If Prof. Murray is not making an argument for beating up political dissidents, and destroying property in the name of left-wing (“social justice”) principles, then what is she doing?
To be sure, Billie Murray has a right to speak her mind. But everybody should know that Villanova University is sponsoring a professor who is going to give a lecture advocating resolving political conflicts through street violence. What if a right-wing professor scheduled a lecture to argue for why right-wingers should beat peaceful left-wing demonstrators up? Imagine that. You can’t imagine it, because it would never happen. Note well that Murray is not just theorizing this as a disinterested professorial contemplative. She repeatedly identifies herself in her public statements and writing as an “activist scholar.”
Consider that Smith College and Mount Holyoke College just put their shared new campus police chief on administrative leave merely for liking a Donald Trump tweet, and one by the NRA.
Smith’s president claims that the action has nothing to do with the chief’s political views. That’s hard to believe, given that those views are behind the campus snowflake blizzard of protest:
Speaking in front of the approximately 500 people gathered, another of the event’s organizers — a sophomore who is undocumented and declined to give her name — said she is fearful. “I shouldn’t be up here,” she said.
“I feel unsafe with Daniel Hect being police chief on this campus,” she continued. As for the group’s broader demands, she said to Smith’s leaders: “I want you to fight for us and care for us, like we deserve.”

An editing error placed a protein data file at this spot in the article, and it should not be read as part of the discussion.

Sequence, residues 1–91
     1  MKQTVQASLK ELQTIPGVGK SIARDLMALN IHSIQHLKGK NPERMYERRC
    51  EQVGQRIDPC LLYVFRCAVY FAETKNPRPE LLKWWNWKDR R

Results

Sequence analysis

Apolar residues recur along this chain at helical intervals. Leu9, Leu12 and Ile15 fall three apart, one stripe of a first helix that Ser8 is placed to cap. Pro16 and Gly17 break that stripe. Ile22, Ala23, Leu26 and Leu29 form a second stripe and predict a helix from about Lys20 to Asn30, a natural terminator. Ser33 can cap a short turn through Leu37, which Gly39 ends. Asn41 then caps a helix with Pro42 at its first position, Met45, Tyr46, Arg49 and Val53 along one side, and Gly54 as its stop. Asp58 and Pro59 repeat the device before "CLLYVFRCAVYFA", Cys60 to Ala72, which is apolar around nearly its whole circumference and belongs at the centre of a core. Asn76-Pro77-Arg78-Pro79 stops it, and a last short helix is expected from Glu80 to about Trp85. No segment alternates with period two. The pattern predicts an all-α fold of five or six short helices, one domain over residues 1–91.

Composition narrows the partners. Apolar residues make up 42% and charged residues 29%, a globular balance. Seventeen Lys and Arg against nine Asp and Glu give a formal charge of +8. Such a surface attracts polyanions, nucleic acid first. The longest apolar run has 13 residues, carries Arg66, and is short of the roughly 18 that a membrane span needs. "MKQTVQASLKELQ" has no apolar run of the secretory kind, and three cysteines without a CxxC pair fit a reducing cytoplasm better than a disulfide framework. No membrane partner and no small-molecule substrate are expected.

Right, Smith isn’t Villanova. So noted. But American higher education in general is overwhelmed by alleged concern for creating “safe spaces,” which is an excuse for policing and suppression dissident thought and expression. Now we have Villanova advertising a lecture on campus by one of its avowed left-wing activist professors, in which she plans to justify left-wing violence against right-wing dissidents.
This is Weimar Republic stuff. One defining aspect of Weimar was the devolution of democracy into street battles between left and right activists. Here we have a professor within a liberal institution, Villanova University, advocating settling political disputes by mob force.
I know what’s coming next. When I pointed out a couple of years ago that a black philosophy professor at Texas A&M, in his public writings and interviews, advocated settling disputes over race and politics through violence against whites — read all those posts here — the educational establishment closed ranks around him. Some rotten white thugs began to threaten the professor, and the Chronicle of Higher Education wrote a long piece depicting him as the victim of bullying by me — this, simply for pointing out what Prof. Curry actually said and wrote! Many of these leftist academics want to be able to be super-radical within the academy, but don’t want to be held accountable for what they say. They’re likely to pull the same thing this time, with Billie Murray. I strongly urge people who wish to object to the stance that Murray takes to do so peacefully. Do not do to her what she is pleased to see done to those with whom she disagrees. This matters. This matters a lot.